Merry Christmas, everybody.

Jesse Jackson is the founder of Rainbow PUSH.

More articles by:

Jesse Jackson is the founder of Rainbow/PUSH.

September 19, 2018
Bruce E. Levine
When Bernie Sold Out His Hero, Anti-Authoritarians Paid
Lawrence Davidson
Political Fragmentation on the Homefront
George Ochenski
How’s That “Chinese Hoax” Treating You, Mr. President?
Cesar Chelala
The Afghan Morass
Chris Wright
Three Cheers for the Decline of the Middle Class
Howard Lisnoff
The Beat Goes On Against Protest in Saudi Arabia
Nomi Prins 
The Donald in Wonderland: Down the Financial Rabbit Hole With Trump
Jack Rasmus
On the 10th Anniversary of Lehman Brothers 2008: Can ‘IT’ Happen Again?
Richard Schuberth
Make Them Suffer Too
Geoff Beckman
Kavanaugh in Extremis
Jonathan Engel
Rather Than Mining in Irreplaceable Wilderness, Why Can’t We Mine Landfills?
Binoy Kampmark
Needled Strawberries: Food Terrorism Down Under
Michael McCaffrey
A Curious Case of Mysterious Attacks, Microwave Weapons and Media Manipulation
Elliot Sperber
Eating the Constitution
September 18, 2018
Conn Hallinan
Britain: the Anti-Semitism Debate
Tamara Pearson
Why Mexico’s Next President is No Friend of Migrants
Richard Moser
Both the Commune and Revolution
Nick Pemberton
Serena 15, Tennis Love
Binoy Kampmark
Inconvenient Realities: Climate Change and the South Pacific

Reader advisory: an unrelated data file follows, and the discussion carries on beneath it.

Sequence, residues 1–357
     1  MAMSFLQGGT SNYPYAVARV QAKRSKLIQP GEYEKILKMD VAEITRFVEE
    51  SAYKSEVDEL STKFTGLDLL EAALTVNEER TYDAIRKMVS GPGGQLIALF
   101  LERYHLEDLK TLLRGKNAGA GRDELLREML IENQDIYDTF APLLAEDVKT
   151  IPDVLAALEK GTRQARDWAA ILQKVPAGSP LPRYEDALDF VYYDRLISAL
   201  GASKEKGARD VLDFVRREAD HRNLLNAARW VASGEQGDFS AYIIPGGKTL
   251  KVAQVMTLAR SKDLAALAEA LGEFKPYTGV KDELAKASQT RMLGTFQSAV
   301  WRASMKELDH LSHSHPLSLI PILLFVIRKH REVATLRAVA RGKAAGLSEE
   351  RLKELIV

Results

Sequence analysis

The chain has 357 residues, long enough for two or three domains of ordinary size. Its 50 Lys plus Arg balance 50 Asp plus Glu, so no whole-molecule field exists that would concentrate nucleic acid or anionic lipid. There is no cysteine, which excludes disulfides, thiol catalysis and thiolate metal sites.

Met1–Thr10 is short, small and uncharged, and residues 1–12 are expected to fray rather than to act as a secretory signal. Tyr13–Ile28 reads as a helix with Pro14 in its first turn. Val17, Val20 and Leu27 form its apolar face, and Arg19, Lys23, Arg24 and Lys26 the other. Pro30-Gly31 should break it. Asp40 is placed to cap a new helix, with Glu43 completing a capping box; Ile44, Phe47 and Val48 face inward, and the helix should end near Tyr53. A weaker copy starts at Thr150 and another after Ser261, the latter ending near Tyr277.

Martin Billheimer
La Grand’Route: Waiting for the Bus
John Kendall Hawkins
Seymour Hersh: a Life of Adversarial Democracy at Work
Faisal Khan
Is Israel a Democracy?
John Feffer
The GOP Wants Trumpism…Without Trump
Kim Ives
The Roots of Haiti’s Movement for PetroCaribe Transparency
Dave Lindorff
We Already Have a Fake Billionaire President; Why Would We want a Real One Running in 2020?
Gerry Brown
Is China Springing Debt Traps or Throwing a Lifeline to Countries in Distress?
Pete Tucker
The Washington Post Really Wants to Stop Ben Jealous
Dean Baker
Getting It Wrong Again: Consumer Spending and the Great Recession
September 17, 2018
Melvin Goodman
What is to be Done?
Rob Urie
American Fascism
Patrick Cockburn
The Adults in the White House Trying to Save the US From Trump Are Just as Dangerous as He Is
Jeffrey St. Clair - Alexander Cockburn
The Long Fall of Bob Woodward: From Nixon’s Nemesis to Cheney’s Savior
Mairead Maguire
Demonization of Russia in a New Cold War Era
Dean Baker
The Bank Bailout of 2008 was Unnecessary
Wim Laven
Hurricane Trump, Season 2
Yves Engler
Smearing Dimitri Lascaris
Ron Jacobs
From ROTC to Revolution and Beyond
Clark T. Scott
The Cannibals of Horsepower
Binoy Kampmark
A Traditional Right: Jimmie Åkesson and the Sweden Democrats
Laura Flanders
History Markers
Weekend Edition
September 14, 2018
Friday - Sunday
Carl Boggs
Obama’s Imperial Presidency
Joshua Frank
From CO2 to Methane, Trump’s Hurricane of Destruction
Jeffrey St. Clair
Maria’s Missing Dead
Andrew Levine
A Bulwark Against the Idiocy of Conservatives Like Brett Kavanaugh
T.J. Coles
Neil deGrasse Tyson: A Celebrity Salesman for the Military-Industrial-Complex
FacebookTwitterGoogle+RedditEmail